Another Dweeb In The Hall (Part 2)
We don't need no education We don't need no flight control No dark sarcasm on the airwaves Mullah leave Regressors alone Hey Mullah leave us dweebs alone All in all we're just more dweebs in the hall All in all we're just more dweebs in the hall
The Eve Of Regression
The C-Land world It's over-flowin' Tempers flarin' Insults floatin' But ya - tell meeeeeee Over, and over, and over again, my friend Ya don't believe We're on the eve Of Regression Don't they understand What people are tryin' to say? And don't they realize That they die in every fray? When these dweebs takeoff They crash all over the place ... And ya - tell meeeeeee Over, and over, and over again, my friend Ya don't believe We're on the eve Of Regression
There was another time I recall that the Aggies sortied en masse in the old “atoll” terrain. Anvil and I were flying different countries then - I was in A, he in B. We had both seen the Aggies in a conference room, so we knew they were about to do something soon. We took off in our FW’s and climbed and got to positions where we could intercept. Suddenly there was an eruption of counters in the sector of the main C base. Anvil and I both headed there. We spotted each other at at 25K and had a quick exchange kind of like: “That you DoK?” … “Yeah, Anv” … “You going where I think you are?” … “Yup … feeding time.” So now you had an A and B FW flying as a pair. Which actually worked out because the Aggies (who were bright enough to look up) probably thought we were fighting and didn’t bother to worry about us.
We let them get airborne and away from the acks. They were struggling along at around 2000 ft … heavy with bombs … a mix of light bombers and P38’s. And down Anvil and I went. The odds were something like 12:2 and as I recall only 1 Aggie was able to limp back to base … because Anvil and I had run out of ammo after killing the other 11. We made sure each other was clear of any pursuers and then headed back to our respective bases. Salute.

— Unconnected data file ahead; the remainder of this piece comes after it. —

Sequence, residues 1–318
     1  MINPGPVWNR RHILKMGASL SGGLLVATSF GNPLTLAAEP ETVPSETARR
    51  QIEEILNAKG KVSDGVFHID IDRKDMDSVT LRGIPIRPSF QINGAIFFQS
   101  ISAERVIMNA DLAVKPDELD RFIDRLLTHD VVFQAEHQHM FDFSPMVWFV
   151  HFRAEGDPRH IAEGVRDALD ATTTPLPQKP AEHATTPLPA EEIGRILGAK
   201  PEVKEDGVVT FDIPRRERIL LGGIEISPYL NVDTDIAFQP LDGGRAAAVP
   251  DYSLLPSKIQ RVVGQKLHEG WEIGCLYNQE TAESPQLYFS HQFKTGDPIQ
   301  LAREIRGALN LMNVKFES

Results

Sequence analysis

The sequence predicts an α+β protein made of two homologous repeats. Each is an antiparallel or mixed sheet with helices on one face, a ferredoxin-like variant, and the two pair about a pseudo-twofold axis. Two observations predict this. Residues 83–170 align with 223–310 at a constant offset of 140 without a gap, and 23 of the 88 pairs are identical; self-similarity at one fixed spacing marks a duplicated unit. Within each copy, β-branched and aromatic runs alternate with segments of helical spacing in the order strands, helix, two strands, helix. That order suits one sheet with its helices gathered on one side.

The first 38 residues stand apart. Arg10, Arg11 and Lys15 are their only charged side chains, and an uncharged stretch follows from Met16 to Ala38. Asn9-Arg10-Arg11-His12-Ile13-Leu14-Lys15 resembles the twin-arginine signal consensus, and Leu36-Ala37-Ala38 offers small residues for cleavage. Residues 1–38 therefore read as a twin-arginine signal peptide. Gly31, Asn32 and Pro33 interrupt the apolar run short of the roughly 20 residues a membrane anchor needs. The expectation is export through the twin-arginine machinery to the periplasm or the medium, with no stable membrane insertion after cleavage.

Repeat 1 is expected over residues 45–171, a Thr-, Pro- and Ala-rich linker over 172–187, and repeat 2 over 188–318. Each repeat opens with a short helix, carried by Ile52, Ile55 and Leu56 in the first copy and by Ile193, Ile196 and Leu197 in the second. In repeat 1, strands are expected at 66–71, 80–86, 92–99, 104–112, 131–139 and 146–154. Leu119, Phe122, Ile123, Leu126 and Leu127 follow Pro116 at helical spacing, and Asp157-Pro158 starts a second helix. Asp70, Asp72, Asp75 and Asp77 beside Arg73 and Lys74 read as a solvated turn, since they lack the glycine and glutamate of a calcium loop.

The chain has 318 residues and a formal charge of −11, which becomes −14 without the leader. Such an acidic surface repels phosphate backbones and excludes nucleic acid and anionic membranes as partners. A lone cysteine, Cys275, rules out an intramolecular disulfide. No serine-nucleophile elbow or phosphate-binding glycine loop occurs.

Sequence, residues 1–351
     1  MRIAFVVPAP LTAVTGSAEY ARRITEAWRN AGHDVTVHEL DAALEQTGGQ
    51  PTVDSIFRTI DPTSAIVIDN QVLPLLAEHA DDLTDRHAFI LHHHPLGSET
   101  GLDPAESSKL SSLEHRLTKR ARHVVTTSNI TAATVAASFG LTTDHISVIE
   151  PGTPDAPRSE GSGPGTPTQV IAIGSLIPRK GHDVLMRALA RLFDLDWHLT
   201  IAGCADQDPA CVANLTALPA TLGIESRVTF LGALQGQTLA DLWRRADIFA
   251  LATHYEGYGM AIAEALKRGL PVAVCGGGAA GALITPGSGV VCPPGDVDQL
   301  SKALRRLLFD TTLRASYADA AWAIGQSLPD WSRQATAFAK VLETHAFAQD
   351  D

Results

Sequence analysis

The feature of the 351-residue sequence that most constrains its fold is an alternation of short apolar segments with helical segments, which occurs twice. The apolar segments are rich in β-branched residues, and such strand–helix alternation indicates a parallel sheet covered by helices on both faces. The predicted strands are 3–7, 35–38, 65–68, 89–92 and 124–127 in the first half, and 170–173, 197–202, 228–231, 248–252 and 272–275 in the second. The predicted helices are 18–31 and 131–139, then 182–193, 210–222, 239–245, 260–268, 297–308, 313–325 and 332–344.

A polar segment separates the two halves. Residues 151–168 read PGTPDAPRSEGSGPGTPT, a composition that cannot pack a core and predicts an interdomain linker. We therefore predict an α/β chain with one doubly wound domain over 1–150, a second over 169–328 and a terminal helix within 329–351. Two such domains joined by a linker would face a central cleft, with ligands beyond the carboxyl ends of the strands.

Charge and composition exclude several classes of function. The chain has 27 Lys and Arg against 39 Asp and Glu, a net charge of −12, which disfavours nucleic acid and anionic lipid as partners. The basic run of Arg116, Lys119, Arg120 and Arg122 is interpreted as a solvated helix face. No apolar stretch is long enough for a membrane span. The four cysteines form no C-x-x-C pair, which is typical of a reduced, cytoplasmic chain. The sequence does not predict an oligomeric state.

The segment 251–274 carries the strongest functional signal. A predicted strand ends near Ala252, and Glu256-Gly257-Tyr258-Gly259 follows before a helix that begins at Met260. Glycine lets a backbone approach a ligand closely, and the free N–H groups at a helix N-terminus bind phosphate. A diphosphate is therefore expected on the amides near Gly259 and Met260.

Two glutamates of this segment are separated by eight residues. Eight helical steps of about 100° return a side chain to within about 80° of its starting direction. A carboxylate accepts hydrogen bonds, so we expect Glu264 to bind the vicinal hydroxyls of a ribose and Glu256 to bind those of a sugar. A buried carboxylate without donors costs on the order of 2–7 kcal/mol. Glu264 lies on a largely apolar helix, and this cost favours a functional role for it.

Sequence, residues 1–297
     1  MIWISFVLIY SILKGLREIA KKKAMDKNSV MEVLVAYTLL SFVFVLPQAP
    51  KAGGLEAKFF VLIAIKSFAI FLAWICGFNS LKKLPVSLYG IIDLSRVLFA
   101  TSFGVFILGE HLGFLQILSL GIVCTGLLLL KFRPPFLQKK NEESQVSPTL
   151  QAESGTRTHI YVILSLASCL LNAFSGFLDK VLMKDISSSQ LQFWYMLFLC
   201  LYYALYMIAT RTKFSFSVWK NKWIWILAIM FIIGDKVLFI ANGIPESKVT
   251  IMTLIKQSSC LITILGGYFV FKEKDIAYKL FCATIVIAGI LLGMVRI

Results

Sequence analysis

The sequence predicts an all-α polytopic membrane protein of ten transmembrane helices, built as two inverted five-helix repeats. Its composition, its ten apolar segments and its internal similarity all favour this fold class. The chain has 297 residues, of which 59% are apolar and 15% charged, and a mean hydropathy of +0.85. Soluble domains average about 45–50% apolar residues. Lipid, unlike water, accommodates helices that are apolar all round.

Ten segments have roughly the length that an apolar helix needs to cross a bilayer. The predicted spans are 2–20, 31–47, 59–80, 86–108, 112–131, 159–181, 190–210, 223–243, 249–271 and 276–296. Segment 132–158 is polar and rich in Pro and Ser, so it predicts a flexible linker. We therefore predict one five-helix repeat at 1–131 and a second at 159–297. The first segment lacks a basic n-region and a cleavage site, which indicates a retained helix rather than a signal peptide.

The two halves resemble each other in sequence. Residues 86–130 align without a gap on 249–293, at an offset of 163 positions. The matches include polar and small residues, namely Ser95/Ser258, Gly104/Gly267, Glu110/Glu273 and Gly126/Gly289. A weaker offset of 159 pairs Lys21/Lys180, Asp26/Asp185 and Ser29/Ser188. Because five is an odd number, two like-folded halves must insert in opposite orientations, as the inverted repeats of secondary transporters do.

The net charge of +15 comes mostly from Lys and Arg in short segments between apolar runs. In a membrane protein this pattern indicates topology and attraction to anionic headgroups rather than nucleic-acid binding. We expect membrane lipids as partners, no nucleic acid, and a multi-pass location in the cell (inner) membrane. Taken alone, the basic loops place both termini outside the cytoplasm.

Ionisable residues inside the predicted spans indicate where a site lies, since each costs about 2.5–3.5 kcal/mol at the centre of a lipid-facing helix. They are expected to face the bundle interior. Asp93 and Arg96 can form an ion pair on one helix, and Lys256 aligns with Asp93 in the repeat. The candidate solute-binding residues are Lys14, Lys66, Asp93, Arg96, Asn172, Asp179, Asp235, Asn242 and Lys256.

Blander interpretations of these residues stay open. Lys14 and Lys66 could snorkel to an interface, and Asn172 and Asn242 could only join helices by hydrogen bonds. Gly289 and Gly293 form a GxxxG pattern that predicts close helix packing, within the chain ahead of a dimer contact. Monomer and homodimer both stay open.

But eventually even Aggies learned, and soon AW actually started to grow up. There were finally enough players to support concepts like flight training and organized (to the point of being reallllllly anal) squad nights. As with any War, eventually numbers and discipline were the way to win and for the few Untouchables left flying, it became harder and harder to find the pastures of old where the dweebs ran free and unguarded. The old names started to fade away.
“Between the idea And the reality Between the motion And the act Falls the Shadow” – T.S.Eliot
I guess my legacy to the genre is the scenario format. I’m not exactly sure how or where I got the idea; but it’s probably an offshoot from my years spent as a wargamer (miniatures, board games, etc.). Coming into an event with known objectives and a known order of battle was something I felt could work in the AW world.
The first few test missions were just that. Preset missions for an hour or so with only a couple dozen players. When we tried a 3-mission test, it all suddenly clicked. I could see the players adapting from one mission to the next. Tactics evolved with each mission. This was clearly not just an opportunity to create a new style of play, but also an opportunity to recreate the psychic environment of air combat: going into a mission setting and having to adapt your tactics and preconceptions to the reality that your faced with.
The first event was “Kursk.” None of us had any idea what to expect. We had never had this many players organized for anything online before. The mission was pretty simple … a horde of low-flying Russian attack bombers and fighters had to be stopped by a handful of German fighters. But finding the Soviets was the trick as we turned off tracking counters. And after finding them, actually diving into horrific odds and getting something meaningful done was the next trick. I vividly remember after one mission Grey Eagle, himself a Viet Nam vet, coming into the conference room where I was monitoring things and telling me his hands were shaking from the tension and excitement. That was when I knew I had found something special.